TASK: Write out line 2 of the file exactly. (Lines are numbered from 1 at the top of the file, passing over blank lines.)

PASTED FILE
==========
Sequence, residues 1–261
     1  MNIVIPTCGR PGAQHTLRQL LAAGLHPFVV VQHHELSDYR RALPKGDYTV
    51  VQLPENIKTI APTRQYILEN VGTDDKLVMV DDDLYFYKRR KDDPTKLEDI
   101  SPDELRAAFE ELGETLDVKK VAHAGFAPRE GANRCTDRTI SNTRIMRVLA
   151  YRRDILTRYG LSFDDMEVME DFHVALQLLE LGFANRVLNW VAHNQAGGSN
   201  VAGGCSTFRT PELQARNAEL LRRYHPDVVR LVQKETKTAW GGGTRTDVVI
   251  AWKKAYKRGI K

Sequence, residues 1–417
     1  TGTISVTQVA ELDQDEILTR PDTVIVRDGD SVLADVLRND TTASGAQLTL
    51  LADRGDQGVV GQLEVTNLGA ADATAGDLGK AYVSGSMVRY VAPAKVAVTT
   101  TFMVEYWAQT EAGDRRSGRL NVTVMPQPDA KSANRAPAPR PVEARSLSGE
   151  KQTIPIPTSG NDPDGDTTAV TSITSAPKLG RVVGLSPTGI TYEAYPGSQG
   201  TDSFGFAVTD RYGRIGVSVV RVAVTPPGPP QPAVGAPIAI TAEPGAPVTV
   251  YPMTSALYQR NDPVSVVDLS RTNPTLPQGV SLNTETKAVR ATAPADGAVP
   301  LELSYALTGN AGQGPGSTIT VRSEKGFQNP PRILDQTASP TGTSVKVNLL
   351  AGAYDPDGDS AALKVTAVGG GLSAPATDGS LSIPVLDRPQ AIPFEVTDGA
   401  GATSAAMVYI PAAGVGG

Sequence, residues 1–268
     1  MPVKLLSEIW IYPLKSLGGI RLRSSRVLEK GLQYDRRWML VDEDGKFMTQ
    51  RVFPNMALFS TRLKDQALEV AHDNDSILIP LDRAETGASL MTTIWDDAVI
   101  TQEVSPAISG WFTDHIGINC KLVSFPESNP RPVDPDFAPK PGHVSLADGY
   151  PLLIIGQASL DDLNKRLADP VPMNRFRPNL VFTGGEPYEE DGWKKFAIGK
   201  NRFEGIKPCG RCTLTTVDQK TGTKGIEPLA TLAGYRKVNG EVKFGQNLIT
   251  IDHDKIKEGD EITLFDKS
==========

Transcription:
     1  MNIVIPTCGR PGAQHTLRQL LAAGLHPFVV VQHHELSDYR RALPKGDYTV